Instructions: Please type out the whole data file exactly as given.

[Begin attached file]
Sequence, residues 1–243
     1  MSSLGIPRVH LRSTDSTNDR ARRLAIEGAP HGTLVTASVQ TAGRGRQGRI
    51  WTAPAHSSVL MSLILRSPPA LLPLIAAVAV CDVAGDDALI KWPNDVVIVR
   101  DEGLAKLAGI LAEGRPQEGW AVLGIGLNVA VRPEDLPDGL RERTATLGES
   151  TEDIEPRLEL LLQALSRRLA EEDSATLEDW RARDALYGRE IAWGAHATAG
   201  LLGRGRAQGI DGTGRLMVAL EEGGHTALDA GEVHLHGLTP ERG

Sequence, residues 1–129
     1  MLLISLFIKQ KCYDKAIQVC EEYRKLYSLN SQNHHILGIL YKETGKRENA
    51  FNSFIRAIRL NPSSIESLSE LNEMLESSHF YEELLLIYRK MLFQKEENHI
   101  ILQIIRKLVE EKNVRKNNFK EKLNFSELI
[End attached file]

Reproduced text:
Sequence, residues 1–243
     1  MSSLGIPRVH LRSTDSTNDR ARRLAIEGAP HGTLVTASVQ TAGRGRQGRI
    51  WTAPAHSSVL MSLILRSPPA LLPLIAAVAV CDVAGDDALI KWPNDVVIVR
   101  DEGLAKLAGI LAEGRPQEGW AVLGIGLNVA VRPEDLPDGL RERTATLGES
   151  TEDIEPRLEL LLQALSRRLA EEDSATLEDW RARDALYGRE IAWGAHATAG
   201  LLGRGRAQGI DGTGRLMVAL EEGGHTALDA GEVHLHGLTP ERG

Sequence, residues 1–129
     1  MLLISLFIKQ KCYDKAIQVC EEYRKLYSLN SQNHHILGIL YKETGKRENA
    51  FNSFIRAIRL NPSSIESLSE LNEMLESSHF YEELLLIYRK MLFQKEENHI
   101  ILQIIRKLVE EKNVRKNNFK EKLNFSELI